Architectural rendering process got rid of the status of magical mystery long ago and became architects’ everyday tool. They use CGI technologies to show a fully finished design in photoreal quality before the actual construction. It makes the project approval much easier since detailed high-end renderings illustrate the design with the utmost accuracy and convey all the necessary information about its advantages.
Small wonder that many architects seek for better understanding of CGI process – to rest assured they get exactly what they desire. Naturally, they wonder what the main steps are, how to calculate the turnaround time and how to describe their needs to get an accurate result.
To answer these questions, we have decided to put all cards on table and reveal behind-the-scenes process of architectural 3D rendering in ArchiCGI. To illustrate clearly all stages, we will show the workflow on the example of CG visualizations project for Hetherington Newman company. We will show what the client sent as references, how our 3D artist achieves photorealistic quality and how to establish effective cooperation with an outsource CG rendering studio.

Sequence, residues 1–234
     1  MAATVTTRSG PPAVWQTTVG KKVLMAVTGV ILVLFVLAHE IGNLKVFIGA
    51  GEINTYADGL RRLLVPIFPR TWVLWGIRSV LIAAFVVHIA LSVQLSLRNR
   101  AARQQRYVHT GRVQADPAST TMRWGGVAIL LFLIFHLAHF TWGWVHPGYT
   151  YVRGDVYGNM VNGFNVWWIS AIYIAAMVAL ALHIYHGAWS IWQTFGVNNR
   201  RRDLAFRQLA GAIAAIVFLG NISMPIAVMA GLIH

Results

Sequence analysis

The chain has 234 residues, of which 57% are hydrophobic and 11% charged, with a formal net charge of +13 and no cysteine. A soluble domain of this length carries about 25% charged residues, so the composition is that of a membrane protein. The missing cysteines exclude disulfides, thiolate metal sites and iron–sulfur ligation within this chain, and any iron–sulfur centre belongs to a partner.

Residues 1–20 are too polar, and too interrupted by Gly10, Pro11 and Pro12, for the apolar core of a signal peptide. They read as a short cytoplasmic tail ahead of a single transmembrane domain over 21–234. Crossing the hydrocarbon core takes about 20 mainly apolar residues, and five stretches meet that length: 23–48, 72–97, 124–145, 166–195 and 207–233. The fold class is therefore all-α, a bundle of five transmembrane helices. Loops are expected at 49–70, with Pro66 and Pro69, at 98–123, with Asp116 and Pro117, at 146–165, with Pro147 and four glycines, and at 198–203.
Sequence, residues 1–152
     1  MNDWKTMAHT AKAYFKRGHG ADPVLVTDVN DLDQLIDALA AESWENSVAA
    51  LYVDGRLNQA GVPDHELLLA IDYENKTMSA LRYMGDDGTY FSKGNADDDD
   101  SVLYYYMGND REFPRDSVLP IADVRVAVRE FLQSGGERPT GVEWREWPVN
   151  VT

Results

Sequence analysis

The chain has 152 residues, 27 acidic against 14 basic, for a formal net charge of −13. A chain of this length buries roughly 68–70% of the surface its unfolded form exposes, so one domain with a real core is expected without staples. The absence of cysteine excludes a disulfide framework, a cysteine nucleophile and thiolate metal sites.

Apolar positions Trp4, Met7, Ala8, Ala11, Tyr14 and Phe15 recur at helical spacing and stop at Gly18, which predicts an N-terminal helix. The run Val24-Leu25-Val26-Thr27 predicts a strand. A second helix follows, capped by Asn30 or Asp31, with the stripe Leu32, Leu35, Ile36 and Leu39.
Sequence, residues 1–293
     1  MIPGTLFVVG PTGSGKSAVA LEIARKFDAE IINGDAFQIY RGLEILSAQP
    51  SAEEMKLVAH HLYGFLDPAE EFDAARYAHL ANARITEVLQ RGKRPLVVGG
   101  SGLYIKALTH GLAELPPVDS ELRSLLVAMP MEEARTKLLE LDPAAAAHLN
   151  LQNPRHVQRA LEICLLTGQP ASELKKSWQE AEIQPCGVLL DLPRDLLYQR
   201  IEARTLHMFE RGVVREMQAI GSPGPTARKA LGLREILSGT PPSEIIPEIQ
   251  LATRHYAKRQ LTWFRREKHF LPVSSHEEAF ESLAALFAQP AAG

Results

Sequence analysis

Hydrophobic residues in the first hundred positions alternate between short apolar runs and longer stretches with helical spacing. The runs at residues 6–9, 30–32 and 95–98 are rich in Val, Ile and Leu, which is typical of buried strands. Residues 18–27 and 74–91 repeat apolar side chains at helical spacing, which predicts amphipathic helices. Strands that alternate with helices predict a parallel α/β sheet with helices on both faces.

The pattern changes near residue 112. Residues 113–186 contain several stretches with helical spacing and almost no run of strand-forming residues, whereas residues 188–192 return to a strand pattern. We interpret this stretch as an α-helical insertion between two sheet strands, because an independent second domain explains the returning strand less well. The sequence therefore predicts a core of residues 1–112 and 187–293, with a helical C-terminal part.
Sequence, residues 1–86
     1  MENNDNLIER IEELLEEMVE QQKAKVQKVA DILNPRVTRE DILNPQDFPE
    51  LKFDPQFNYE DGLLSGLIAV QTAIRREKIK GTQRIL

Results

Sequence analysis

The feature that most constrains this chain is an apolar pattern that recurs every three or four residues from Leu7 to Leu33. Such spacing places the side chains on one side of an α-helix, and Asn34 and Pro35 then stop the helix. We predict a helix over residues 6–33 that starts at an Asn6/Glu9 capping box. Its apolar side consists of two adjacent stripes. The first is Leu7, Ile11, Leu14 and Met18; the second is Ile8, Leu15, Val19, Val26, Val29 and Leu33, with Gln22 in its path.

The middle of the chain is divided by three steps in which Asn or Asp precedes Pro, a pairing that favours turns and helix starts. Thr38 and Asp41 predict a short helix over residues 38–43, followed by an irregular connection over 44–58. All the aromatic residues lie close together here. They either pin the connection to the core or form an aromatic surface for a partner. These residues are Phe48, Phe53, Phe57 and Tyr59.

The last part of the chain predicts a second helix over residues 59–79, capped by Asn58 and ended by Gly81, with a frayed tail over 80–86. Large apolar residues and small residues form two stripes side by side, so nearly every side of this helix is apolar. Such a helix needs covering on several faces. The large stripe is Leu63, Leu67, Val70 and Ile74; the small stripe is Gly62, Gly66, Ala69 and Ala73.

The background is the company needed new London Showroom pictures before the construction process has even started – to advertise showroom opening on the company’s website. Join us as we describe the architectural rendering process and reveal how we work to bring top-notch design visualizations:
#1. Technical Assignment
Everything had begun when Hetherington Newman got in touch with our client manager. The latter directed them to register a project in our online CRM platform, where Hetherington Newman specified the character of the project. They needed two images for the showroom, interior and the front of the shop. The client also left us visual references to get a perfect result. For the more visual information we get, the smoother and faster the architectural rendering process will be. So Hetherington Newman provided us with photos of newly purchased premises, preliminary drawings, textures’ samples and a low-quality 3D architectural model of the room.
#2. Points of View
So next, we chose the points of view for the images. This gave us the info about which parts of environment to recreate and how much 3D models and accessories to use. We chose the point of view in the same way as photographers before taking a picture: the showroom is the main object in the frame, the image meets the golden ratio and the rule of thirds. But the difference is, we had more opportunities to select the perfect angle. Computer software has no physical limitations, such as gravity. So that we could look from every side to check what “the camera” catches and try a lot of different views to find the best one.
We chose the outside point of view that showcases the signboard and exterior design at a favorable angle. Also, it illustrates how eye-catching is interior seeing through the big shopwindow. In the same way, the internal point of view allows to see the street and emphasizes coziness of the room.